It seems however that the Canadian legal system was just waking up to what Cisco and the US authorities had allegedly done.
British Columbia Supreme Court Justice Ronald McKinnon was incandescent with rage. He slammed both Canadian and American authorities for an appalling abuse of process and stayed the extradition proceedings against Adekeye.
Justice McKinnon was shocked that a trivial $14,000 civil case had been transformed into a criminal proceeding and engaged the full might and resources of two governments, with the aim of misleading one of Canada’s senior trial courts.
Canada’s federal lawyers had done their best to cover their arses.
Its Federal lawyer Diba Majzub had presented claims that it didn’t matter if Adekeye was falsely characterized. It was America’s job to rule on the merits of Adekeye’s case and not Canada’s.
McKinnon dismissed all that and said that US prosecutors acted outrageously by having the executive arrested during his deposition.
Cisco allegedly engineered it so that the arrest took place in the presence of a US High Court Judge, Special Master, George Fisher, with Cisco’s lawyers insisting on filming the entire arrest on the record. It was clearly an attempt to humiliate Adekeye and weaken his case.
McKinnon said that it all spoke “volumes for Cisco’s duplicity”.
McKinnon could not believe that police had interrupted a judicial proceeding to arrest Adekeye.
This was not done in a civilized jurisdiction that is bound by the rule of law. Going back to the 1500s, the law said that you don’t arrest people while they are testifying.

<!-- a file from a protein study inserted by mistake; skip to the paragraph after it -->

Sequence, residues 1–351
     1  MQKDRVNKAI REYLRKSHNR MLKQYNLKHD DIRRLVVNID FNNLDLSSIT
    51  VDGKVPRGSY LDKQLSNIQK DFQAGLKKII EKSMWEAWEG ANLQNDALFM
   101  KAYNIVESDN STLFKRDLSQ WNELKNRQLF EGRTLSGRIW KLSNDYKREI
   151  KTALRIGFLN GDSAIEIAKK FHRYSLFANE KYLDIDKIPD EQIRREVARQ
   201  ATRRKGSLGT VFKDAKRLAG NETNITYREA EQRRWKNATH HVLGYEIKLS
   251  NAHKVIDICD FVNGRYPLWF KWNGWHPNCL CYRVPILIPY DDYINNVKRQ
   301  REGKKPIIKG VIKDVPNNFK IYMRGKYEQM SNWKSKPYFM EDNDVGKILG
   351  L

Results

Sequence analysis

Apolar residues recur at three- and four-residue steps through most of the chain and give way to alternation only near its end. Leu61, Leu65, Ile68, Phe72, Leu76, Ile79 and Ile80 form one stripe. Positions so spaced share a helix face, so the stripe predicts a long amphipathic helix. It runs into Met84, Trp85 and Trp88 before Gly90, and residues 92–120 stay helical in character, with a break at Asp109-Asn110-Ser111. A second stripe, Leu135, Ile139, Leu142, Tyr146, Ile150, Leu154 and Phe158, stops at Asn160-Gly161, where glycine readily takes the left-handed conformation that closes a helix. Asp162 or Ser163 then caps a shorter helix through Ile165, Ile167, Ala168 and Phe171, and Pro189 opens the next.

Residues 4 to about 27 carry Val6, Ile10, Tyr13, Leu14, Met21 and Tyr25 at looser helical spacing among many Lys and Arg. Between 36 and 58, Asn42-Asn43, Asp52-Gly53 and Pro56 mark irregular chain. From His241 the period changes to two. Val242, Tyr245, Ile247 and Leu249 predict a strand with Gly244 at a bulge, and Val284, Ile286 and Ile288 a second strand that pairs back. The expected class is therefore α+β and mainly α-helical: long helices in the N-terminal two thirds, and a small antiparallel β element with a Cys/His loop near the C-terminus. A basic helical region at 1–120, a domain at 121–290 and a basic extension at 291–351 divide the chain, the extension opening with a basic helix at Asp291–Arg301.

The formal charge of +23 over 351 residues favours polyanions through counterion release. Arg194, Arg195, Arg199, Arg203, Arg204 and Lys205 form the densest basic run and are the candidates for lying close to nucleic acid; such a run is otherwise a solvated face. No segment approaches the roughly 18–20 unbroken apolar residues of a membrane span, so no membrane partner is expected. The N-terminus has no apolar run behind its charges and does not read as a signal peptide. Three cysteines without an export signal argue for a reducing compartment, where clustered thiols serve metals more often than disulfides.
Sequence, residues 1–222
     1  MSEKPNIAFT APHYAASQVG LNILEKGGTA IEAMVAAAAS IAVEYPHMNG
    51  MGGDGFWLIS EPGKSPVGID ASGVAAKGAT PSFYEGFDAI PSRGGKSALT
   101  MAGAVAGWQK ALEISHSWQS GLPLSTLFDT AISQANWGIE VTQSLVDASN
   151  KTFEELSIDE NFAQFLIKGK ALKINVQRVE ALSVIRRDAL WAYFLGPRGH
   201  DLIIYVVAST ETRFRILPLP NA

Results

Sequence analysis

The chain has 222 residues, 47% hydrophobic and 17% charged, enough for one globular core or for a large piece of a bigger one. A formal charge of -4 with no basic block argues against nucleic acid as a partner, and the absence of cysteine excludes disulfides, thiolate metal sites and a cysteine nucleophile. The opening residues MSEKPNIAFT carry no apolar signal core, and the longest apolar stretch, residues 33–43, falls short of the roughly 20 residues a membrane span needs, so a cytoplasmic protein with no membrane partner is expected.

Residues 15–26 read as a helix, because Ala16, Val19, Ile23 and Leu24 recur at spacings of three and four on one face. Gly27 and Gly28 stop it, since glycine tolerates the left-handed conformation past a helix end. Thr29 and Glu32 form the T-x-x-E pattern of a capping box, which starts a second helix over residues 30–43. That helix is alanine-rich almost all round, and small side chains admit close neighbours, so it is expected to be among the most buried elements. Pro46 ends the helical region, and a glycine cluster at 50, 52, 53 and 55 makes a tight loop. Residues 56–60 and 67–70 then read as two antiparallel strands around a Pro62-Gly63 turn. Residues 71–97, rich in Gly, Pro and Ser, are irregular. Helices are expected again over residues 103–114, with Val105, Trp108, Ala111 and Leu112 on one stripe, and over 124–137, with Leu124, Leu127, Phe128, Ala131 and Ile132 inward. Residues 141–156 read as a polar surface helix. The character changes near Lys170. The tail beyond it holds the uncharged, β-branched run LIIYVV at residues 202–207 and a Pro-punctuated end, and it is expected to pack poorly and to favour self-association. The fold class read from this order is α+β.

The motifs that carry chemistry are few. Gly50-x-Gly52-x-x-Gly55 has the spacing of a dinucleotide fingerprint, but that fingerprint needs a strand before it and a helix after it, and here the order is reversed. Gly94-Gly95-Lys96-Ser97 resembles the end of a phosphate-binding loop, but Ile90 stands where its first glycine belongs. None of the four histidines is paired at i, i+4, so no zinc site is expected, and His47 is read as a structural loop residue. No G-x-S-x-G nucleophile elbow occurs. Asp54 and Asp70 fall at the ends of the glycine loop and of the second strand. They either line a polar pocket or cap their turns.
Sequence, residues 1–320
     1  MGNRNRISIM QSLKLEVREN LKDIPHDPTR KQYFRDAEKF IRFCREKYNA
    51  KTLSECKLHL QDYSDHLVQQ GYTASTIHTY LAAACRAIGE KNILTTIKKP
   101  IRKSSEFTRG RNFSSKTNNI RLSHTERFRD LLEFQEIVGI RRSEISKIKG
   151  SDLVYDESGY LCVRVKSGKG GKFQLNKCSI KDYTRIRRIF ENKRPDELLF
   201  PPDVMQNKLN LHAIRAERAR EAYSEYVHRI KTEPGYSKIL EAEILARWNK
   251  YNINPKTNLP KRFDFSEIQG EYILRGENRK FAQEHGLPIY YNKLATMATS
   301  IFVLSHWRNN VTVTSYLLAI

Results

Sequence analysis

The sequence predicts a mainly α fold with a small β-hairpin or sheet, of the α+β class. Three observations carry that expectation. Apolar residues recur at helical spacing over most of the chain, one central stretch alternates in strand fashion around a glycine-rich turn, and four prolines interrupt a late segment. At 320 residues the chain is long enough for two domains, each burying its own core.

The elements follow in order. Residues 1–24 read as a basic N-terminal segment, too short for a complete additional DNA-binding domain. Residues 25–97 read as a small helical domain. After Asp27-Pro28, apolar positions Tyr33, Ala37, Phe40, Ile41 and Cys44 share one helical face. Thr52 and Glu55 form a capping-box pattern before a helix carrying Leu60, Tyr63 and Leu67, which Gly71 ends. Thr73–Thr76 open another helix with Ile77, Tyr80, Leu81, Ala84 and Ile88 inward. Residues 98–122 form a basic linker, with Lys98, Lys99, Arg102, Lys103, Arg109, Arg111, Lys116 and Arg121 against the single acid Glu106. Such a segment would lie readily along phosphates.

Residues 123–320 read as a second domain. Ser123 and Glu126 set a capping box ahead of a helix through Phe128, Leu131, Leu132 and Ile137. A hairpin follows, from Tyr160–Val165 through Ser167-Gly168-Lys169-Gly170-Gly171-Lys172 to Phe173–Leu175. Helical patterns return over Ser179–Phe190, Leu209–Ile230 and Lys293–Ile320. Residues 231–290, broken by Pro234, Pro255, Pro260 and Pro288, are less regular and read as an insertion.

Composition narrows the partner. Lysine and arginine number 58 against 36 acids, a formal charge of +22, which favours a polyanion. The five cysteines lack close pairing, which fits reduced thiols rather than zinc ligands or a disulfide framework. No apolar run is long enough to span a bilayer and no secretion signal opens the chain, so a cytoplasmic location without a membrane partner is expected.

He dubbed the whole thing as a perversion of justice to allow the criminal law to be used to resolve a trivial civil suit and it shouldn’t be allowed. He thought that if the Canadian authorities had known what was going on it would not have proceeded.
If the US had let Adekeye into the country, it would have all been resolved.
However, the US astoundingly misled Canada into launching expensive legal proceedings, McKinnon said.
Needless to say, Adekeye has been shaken by the whole thing. What should be alarming is not that Cisco allegedly played hard against him, but that it was able to use extradition laws and its chums in the US government to lock up those who dared to challenge it.
If Judge McKinnon’s full ruling is read, it is hard to escape the conclusion that Cisco is one of the most evil companies out there. With competition that good, that is a crown that the outfit might want to think about losing.
This article was written by Nick Farrell and published by Techeye.net on July 22, 2011.
To find additional global criminal news, please read The Global Criminal Defense Daily.
Douglas McNabb and other members of the U.S. law firm practice and write extensively on matters involving Federal Criminal Defense, INTERPOL Red Notice Removal, International Extradition and OFAC SDN List Removal.
The author of this blog is Douglas McNabb. Please feel free to contact him directly at email@example.com or at one of the offices listed above.